Likewise, European campaigners fear that the continent’s scramble to replace Russian pipeline gas with imported LNG will undermine a European Union target to slash carbon emissions 55 percent from 1990 levels by 2030, and lock countries such as Germany and Poland into dependence on imported fossil fuels for decades.
“As a result of the war against Ukraine, we [face] the great danger of slipping from one dependency to another, a new fossil lock-in, instead of reaching the goal of 100 percent renewable energy,” said Kathrin Henneberger, a Green Party parliamentarian in Germany, which has begun importing U.S. LNG to make up the shortfall from Russia.
Penn America Energy did not respond to repeated emails with questions submitted by DeSmog.
The first time Mayfield and many other Chester residents heard of Penn America Energy’s plans was in June 2022, when the regional public media organization WHYY revealed that the company had been shopping around plans to build an LNG terminal on Chester’s Delaware River waterfront since as early as 2016.
For Mayfield, the choice of Chester — where the poverty rate is more than twice the national average, and the municipal government recently declared bankruptcy — follows a familiar pattern.
“We have a number of environmental issues in our city, but above all is the environmental racism that has occurred to us as residents,” Mayfield said. “It appears that everybody wants us to take their trash, their sewage and now the gas for everybody else’s comfort.”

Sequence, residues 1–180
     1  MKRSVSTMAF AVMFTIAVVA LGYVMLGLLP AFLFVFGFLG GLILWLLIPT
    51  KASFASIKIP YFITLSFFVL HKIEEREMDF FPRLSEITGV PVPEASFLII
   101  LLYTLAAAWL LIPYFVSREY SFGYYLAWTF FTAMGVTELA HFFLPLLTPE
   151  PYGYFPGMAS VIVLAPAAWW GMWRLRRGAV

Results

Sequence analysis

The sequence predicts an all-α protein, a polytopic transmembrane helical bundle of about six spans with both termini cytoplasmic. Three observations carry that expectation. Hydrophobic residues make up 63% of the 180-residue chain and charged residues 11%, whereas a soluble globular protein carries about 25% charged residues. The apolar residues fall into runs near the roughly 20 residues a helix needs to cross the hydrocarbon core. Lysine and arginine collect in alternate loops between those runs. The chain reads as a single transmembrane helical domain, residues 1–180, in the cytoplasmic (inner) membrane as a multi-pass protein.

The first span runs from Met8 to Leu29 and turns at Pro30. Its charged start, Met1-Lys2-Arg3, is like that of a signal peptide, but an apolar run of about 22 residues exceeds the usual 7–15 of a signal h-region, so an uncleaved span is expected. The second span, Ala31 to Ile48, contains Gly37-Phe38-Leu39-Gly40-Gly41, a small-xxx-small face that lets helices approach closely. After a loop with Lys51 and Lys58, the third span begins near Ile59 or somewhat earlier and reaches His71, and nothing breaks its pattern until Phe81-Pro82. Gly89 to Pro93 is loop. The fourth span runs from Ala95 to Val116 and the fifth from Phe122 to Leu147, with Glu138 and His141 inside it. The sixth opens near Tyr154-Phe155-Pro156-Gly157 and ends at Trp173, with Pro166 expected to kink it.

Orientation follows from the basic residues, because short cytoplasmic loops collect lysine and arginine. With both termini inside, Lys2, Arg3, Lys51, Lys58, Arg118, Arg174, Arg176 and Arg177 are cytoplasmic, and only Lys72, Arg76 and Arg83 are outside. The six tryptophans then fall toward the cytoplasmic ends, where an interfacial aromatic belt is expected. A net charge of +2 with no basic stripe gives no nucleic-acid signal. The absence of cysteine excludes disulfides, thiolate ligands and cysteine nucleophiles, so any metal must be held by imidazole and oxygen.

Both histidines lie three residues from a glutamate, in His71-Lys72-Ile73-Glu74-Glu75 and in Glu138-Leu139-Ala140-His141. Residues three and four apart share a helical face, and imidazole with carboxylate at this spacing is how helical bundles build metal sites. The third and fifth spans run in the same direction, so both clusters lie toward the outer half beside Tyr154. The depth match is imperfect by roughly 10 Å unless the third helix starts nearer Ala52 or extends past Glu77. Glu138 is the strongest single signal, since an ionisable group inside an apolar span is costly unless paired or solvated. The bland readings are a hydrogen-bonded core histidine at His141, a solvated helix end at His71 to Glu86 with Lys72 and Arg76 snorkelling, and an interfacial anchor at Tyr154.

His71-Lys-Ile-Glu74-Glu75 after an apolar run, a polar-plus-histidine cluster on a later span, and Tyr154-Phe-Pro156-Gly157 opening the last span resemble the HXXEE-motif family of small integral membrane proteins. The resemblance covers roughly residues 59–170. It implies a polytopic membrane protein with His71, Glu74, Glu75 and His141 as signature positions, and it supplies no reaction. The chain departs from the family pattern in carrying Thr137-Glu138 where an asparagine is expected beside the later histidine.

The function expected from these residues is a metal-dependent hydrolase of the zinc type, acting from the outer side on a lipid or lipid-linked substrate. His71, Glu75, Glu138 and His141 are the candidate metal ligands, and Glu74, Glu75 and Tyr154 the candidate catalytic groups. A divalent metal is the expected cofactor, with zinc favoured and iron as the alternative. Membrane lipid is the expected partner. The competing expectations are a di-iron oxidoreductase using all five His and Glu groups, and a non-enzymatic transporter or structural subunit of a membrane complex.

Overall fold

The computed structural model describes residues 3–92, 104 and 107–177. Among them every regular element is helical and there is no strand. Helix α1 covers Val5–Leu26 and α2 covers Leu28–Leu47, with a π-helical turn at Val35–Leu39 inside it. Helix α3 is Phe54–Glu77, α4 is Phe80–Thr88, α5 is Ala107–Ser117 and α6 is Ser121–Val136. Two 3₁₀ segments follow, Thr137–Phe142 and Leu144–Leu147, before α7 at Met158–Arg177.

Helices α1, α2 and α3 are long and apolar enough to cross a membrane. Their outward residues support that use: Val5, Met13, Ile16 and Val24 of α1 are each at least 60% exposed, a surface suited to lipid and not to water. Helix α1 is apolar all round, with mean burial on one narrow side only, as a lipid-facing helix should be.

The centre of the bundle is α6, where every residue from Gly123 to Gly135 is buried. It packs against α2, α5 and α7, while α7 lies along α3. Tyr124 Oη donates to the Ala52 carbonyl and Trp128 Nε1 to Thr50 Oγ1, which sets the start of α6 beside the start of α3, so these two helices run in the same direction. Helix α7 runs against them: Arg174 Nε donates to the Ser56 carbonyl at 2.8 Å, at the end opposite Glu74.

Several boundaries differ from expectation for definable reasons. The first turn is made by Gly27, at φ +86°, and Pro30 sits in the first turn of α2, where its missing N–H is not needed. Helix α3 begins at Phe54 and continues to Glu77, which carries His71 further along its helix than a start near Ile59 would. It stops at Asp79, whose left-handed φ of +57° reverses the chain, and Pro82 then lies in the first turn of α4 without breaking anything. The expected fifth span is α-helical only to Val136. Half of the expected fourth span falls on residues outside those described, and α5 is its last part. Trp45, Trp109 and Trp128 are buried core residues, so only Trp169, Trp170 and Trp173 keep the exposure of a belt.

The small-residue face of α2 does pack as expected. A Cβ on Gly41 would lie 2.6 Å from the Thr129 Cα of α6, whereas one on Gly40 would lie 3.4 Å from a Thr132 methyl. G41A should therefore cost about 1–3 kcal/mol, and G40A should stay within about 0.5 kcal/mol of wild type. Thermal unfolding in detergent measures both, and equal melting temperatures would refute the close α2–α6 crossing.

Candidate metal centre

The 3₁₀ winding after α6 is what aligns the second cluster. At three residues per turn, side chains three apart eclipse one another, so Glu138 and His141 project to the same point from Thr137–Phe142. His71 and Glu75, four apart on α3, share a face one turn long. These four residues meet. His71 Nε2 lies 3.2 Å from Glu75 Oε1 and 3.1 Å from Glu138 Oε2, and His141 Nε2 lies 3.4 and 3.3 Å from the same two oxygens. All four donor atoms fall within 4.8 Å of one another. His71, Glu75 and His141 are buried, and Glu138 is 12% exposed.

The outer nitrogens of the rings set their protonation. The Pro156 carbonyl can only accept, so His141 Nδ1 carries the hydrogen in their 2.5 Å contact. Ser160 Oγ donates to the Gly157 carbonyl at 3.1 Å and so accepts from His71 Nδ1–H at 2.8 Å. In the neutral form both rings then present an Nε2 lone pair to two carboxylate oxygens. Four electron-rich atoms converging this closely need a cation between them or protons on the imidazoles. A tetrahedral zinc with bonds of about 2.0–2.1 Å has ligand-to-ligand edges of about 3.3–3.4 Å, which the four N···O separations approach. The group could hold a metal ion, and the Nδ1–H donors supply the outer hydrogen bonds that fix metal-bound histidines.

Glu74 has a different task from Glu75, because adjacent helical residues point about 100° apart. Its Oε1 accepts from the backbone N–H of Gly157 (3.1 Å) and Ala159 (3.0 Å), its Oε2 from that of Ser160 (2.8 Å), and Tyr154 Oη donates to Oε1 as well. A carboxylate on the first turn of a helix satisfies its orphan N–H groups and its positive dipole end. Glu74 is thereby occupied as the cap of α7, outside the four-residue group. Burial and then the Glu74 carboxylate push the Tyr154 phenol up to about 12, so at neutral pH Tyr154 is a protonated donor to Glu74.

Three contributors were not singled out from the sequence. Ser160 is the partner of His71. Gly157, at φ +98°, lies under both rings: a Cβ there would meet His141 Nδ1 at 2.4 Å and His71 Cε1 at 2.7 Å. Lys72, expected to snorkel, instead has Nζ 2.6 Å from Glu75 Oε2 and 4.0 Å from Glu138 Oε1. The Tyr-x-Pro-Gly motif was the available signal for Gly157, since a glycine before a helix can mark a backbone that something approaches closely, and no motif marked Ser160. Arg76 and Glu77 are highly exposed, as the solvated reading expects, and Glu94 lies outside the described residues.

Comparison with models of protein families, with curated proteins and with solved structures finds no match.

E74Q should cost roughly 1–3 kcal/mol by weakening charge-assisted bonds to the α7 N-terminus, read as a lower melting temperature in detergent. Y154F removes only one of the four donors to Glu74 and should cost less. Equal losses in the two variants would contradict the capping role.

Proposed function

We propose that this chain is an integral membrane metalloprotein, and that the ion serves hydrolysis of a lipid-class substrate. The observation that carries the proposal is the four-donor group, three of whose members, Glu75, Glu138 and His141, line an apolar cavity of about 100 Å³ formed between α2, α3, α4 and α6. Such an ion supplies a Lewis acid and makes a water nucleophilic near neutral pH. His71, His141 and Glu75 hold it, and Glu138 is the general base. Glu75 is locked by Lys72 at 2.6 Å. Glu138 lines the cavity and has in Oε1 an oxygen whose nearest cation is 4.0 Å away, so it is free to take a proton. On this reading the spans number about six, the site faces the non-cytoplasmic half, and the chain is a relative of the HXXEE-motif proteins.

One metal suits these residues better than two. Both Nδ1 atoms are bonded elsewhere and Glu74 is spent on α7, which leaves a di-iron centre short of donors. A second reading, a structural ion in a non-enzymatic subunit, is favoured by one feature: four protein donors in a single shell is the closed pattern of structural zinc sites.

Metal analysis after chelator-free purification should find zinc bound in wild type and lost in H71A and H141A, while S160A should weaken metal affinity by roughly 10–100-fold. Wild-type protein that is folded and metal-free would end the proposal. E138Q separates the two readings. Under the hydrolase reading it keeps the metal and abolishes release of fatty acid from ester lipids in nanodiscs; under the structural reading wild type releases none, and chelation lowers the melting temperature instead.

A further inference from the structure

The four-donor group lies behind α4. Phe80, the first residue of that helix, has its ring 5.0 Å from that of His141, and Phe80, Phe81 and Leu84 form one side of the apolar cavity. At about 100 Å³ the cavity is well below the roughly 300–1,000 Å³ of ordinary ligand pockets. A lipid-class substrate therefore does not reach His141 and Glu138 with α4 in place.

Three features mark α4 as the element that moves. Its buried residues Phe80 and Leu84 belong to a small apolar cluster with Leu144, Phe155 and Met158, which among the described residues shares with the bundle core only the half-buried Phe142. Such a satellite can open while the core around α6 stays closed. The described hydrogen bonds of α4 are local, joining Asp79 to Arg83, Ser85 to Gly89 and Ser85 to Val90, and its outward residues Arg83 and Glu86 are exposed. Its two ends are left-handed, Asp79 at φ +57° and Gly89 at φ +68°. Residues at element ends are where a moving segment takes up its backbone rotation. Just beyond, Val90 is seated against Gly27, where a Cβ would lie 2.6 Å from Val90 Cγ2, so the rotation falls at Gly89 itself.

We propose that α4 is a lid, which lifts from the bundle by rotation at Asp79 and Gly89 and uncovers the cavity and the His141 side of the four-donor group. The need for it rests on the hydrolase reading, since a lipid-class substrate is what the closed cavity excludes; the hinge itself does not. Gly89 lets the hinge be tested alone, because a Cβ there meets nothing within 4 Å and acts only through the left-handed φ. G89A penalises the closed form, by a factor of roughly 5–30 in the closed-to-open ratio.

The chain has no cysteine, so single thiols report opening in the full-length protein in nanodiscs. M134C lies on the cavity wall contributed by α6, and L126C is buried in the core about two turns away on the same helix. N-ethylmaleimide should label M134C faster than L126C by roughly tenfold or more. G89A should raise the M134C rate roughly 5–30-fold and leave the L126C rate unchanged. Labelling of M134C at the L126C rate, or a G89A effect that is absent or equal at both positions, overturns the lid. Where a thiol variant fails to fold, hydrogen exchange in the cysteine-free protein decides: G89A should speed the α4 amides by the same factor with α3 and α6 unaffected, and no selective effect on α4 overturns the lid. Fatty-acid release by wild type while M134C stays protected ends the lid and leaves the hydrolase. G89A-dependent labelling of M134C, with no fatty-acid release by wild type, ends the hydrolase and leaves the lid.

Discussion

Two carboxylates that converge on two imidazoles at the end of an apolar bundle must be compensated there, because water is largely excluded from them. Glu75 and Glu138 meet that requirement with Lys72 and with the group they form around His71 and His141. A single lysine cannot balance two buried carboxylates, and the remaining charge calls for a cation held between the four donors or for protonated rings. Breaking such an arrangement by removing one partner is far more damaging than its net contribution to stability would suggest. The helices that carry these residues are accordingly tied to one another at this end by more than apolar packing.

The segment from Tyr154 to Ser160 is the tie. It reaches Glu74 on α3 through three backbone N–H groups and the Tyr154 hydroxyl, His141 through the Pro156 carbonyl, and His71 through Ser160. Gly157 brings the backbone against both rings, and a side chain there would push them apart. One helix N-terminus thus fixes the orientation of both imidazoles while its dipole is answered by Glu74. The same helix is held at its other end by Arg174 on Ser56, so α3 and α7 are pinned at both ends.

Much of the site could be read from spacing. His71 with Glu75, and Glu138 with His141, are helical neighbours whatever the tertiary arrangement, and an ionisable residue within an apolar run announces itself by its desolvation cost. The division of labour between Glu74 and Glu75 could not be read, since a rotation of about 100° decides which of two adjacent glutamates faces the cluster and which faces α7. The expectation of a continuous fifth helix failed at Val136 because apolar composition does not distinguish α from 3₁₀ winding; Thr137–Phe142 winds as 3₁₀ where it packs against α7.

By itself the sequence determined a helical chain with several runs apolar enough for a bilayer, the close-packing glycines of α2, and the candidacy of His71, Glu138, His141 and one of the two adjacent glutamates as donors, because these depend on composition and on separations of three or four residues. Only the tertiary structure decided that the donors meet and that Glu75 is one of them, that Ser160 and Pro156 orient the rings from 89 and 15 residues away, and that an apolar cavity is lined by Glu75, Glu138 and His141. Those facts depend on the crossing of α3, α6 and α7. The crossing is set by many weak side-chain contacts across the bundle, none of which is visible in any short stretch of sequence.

If built on the Chester waterfront, the proposed 100-acre Penn America Energy plant would become the most compact LNG terminal in the U.S., and the first in such a densely populated area, according to a DeSmog analysis of satellite data and company records.
For comparison, an LNG terminal in Cove Point, Maryland — which exports about 40 percent less LNG than planned capacity of the Penn America Energy facility — has approximately 125 acres of built infrastructure, on 1,000 acres of land.
Architectural renderings of plans for the company’s plans in Chester show an approximately 25-acre parkland buffer to be added in front of the terminal. That area is currently occupied by dozens of homes, three churches, a daycare center, and several local businesses. But even in places where LNG terminals are built further away from homes, residents often find the fenceline too close for comfort.
For years, engineers have warned of the risk that the volatile refrigerant gasses used to supercool natural gas into liquid form can ignite to cause what is known as a “boiling liquid expanding vapor cloud explosion” — or BLEVE, in industry jargon.
On June 8, 2022, just such an explosion at the Freeport LNG export plant in Texas released a 450-foot-high fireball, shuttering the plant for nine months. While that blast was contained, a vapor cloud explosion at an LNG terminal in Algeria in 2004 killed 27 people.